ii. This is where we come to the differences in the genealogies of Matthew and Luke. Matthew recorded the genealogy of Joseph, the husband of Mary, of whom was born Jesus who is called Christ (Matthew 1:16). He began at Abraham and followed the line down to Jesus, through Joseph. Luke recorded the genealogy of Mary: being, (as was supposed) the son of Joseph (Luke 3:23). He began with Jesus and followed the line back up, all the way to Adam, starting from the unmentioned Mary.
iii. “The three-month reign of Jehoiachin (cf. 2 Kings 24:6, 8) does not contradict the prediction of verse 30. Jehoiachin’s succession was not a valid one but only a token one because he was immediately besieged by Nebuchadnezzar, surrendered in three months, and then went into exile, where he died after many years. No other descendant of Jehoiakim ever ascended the throne.” (Feinberg)
d. His dead body shall be cast out to the heat of the day and the frost of the night: In the end, it was Jehoiakim who was doomed, not the word of God.
i. “The fulfillment of verse 30 is not recorded in history, and 2 Kings 24:6 says nothing about the circumstances of his burial. Jehoiakim had been just as guilty as his people in rejecting God’s word, hence his fate will typify that of the nation.” (Harrison)
e. I will punish him, his family, and his servants for their iniquity: God promised to bring upon King Jehoiakim the judgment Jeremiah prophesied, including the disgrace done to his corpse at his death. The catastrophe of judgment would come upon the people of Judah and Jerusalem because they rejected God’s word through Jeremiah, just as King Jehoiakim did.
i. All the doom that I have pronounced against them: “The dramatic adventures of the scroll should not distract us from what was at stake on this fateful day, when king and people set their course towards the shipwreck of their kingdom, nearly twenty years distant.” (Kidner)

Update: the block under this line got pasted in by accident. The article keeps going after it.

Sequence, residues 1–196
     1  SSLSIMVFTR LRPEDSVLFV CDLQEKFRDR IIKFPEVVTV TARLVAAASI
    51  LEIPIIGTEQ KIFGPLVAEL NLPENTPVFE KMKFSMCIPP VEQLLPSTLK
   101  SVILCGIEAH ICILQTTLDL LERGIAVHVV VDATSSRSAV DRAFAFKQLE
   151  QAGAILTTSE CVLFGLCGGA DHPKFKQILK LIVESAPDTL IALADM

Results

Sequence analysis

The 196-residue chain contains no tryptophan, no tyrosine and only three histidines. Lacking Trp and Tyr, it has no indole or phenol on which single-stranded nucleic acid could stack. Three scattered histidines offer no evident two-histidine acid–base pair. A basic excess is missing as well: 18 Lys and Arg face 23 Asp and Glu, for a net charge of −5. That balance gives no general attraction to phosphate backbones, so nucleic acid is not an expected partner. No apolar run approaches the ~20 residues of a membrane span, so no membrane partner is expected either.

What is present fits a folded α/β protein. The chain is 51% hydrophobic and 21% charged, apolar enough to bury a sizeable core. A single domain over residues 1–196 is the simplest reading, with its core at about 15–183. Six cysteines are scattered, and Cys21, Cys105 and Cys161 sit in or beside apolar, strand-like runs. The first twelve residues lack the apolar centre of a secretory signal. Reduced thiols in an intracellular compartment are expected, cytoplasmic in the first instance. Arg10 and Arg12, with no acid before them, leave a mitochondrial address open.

7. (32) The second scroll of Jeremiah and Baruch.
Then Jeremiah took another scroll and gave it to Baruch the scribe, the son of Neriah, who wrote on it at the instruction of Jeremiah all the words of the book which Jehoiakim king of Judah had burned in the fire. And besides, there were added to them many similar words.
a. Jeremiah took another scroll and gave it to Baruch: Jeremiah and Baruch worked together. The prophet supplied the words and the scribe supplied the ink and the parchment. Together, God’s word was published and preserved.
b. Besides, there were added to them many similar words: In fact, the opposition of Jehoiakim made his cause worse, not better. Responding to the king’s cutting and burning of His word, God was determined to bring more words of judgment, not fewer.
i. “Though he destroyed them, he could not in this way arrest the penalties which they foretold. Indeed, he increased them.” (Meyer)